Chalk inscriptions still mark Voortrekker Street in Ficksburg's Market Square where Andries Tatane died.
Chalk inscriptions still mark Voortrekker Street in Ficksburg’s Market Square where Andries Tatane died after police allegedly beat and shot him during a march to the Setsoto local municipality offices on Wednesday last week.
Phillip Selokoe, his former high school teacher, showed the Mail & Guardian an oval mark not far from the municipal building entrance where Tatane was apparently shot in the chest. Then he pointed out a smaller, spherical one about 10 metres further on where Tatane is said to have collapsed some minutes afterwards.
“I taught him English,” the heavy-set, bespectacled Selokoe said. “He was a very brilliant student, a pioneer by nature. He was very skilled in initiating things that would benefit others.
“He wanted to see all the people freed from unemployment and illiteracy.”
Activist Andile Mngxitama, of the September National Imbizo that started the group, said Tatane was a “symbol of the new resistance”, who died because the government failed to deliver.
“It’s deceitful to blame his death on rogue policing,” Mngxitama said. “The militarisation of the police happens only to crush dissent. The police are carrying out a political mandate, so for us his death was not an accident.” Mngxitama said Tatane was born on February 22 1978—so he died at the age of 33, just as Jesus did.
According to family members, the month of April always haunted Tatane. Two days before his own death his widow Malehlohonolo recalled, he was reliving the death of his mother about five years ago. He also lost his brother and father in the month of Easter.
But as many in Ficksburg’s Meqheleng township will tell you, it is better to remember Tatane by the way he lived his life rather than how he lost it. At the Tatane household—two modest brick buildings on a medium-size township stand—a scene of mourning of national importance unfolded on Tuesday as the family prepared for Saturday’s funeral.
Visit overshadowed by Cele
Outside the two-room building where Tatane lived with his wife and youngest son, Molefi, Archbishop Thabo Makhoba, accompanied by an entourage of South African Council of Churches clergymen, addressed the few present, expressed his condolences and encouraged the public to vote in the coming municipal elections.
If the men of the cloth were hoping for a press conference their visit was overshadowed by the media circus caused earlier by the arrival of police commissioner Bheki Cele.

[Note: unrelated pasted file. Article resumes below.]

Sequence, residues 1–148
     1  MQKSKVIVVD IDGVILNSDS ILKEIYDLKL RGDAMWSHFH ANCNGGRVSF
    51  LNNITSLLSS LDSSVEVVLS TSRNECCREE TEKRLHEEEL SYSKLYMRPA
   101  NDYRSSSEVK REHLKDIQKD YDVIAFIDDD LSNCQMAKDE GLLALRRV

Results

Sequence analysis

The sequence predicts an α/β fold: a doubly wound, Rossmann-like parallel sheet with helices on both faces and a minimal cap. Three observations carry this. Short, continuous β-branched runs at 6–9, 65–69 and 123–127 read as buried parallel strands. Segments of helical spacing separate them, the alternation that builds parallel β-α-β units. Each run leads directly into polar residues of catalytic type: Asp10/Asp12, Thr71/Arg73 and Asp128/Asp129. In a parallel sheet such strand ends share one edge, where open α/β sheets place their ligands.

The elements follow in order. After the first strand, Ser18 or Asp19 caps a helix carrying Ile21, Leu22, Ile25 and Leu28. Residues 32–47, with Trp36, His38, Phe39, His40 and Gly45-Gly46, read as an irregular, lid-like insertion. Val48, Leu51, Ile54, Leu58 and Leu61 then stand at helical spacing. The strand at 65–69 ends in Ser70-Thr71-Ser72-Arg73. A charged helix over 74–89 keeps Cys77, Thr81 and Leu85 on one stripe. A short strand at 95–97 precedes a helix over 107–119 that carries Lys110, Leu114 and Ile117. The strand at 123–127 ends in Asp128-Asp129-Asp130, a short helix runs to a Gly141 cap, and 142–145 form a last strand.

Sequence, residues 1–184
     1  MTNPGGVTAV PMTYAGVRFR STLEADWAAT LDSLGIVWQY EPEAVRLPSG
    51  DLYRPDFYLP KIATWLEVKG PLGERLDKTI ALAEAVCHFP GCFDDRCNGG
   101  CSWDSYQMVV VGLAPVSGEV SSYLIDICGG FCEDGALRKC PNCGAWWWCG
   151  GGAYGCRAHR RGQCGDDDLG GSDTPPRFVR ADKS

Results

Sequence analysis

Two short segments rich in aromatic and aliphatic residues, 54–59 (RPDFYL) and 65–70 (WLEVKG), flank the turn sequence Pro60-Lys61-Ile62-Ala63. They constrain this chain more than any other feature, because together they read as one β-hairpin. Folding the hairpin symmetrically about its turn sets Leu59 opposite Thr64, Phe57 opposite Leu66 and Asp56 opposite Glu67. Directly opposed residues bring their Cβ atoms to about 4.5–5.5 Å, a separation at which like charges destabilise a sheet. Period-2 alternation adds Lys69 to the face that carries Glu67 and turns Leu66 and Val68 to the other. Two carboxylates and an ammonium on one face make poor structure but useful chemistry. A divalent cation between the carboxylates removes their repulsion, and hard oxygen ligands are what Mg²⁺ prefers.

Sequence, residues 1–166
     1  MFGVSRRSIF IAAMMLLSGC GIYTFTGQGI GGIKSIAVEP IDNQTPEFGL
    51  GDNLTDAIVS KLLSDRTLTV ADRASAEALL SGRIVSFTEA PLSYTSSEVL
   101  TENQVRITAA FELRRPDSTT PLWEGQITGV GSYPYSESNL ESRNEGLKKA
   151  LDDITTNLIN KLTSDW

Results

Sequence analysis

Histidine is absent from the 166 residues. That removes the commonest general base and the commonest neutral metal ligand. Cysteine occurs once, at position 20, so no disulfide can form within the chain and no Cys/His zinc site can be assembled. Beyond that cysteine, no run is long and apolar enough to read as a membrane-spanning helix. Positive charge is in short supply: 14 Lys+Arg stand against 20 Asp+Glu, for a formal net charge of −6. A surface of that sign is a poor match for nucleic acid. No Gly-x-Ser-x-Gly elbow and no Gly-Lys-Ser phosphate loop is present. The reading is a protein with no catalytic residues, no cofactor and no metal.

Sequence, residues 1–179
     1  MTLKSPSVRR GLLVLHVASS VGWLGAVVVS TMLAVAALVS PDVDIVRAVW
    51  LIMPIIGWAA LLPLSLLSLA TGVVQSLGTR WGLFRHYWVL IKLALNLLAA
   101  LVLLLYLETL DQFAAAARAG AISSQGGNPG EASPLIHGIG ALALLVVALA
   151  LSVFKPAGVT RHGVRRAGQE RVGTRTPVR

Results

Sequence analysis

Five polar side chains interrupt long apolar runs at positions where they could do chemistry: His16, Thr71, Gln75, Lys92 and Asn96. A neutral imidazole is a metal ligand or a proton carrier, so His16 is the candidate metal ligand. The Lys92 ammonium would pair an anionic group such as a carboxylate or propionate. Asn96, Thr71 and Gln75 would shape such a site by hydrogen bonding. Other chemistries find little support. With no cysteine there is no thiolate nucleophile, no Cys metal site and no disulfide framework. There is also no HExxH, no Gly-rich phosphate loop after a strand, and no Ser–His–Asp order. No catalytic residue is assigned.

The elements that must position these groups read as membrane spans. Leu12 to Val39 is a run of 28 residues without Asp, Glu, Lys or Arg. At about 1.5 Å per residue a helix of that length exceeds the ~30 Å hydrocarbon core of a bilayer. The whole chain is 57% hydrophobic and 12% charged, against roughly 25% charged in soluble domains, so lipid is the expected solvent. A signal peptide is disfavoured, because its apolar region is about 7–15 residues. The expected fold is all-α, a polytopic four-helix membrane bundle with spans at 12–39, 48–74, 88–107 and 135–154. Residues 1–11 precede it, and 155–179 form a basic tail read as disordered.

Between the homestead’s buildings men minded a fire where two sheep were being cooked. Family members hurried about, serving an ever-present throng of mourners.
Molefi Nonyane, who can be seen holding the collapsed Tatane in some clips of the now infamous April 13 incident, said he met the deceased man in 2008 when he joined the Congress of the People.
“Tatane was already a member. He was very committed and his input in meetings was always vital, but he would never take up a position in the party. He believed in leading from within,” Nonyane said.
Although Nonyane rejoined the ANC some months later the pair remained close because they had much in common. “We were part of the lost generation,” said Nonyane, who was seated on the back of an open bakkie in the yard.
“We slipped through the fingers of academia, dabbled in business and did whatever to survive. As such we were like voices from behind the mountain,” he said. Ficksburg’s Imperani mountain loomed over the gathering.
Tatane’s self-funded community newspaper, Your Voice, was “a hit” in the township because it covered everything from street fashion to service delivery issues, Nonyane said. But the paper collapsed after Tatane ran out of money to sustain it.
“Wherever we were, we made a lot of impact,” Nonyane said. “Nobody really understood the vastness of his potential. He was the type of person that if you lost him in your group the group would crumble.”
Perhaps Nonyane is correct—the burning of two municipal buildings, including the library where Tatane conducted maths and science classes for the community, could signal a dip in the underdeveloped Meqheleng’s morale.
On Facebook, a Ficksburg organiser calls for the town to be “rendered ungovernable”, suggesting that more upheavals could follow.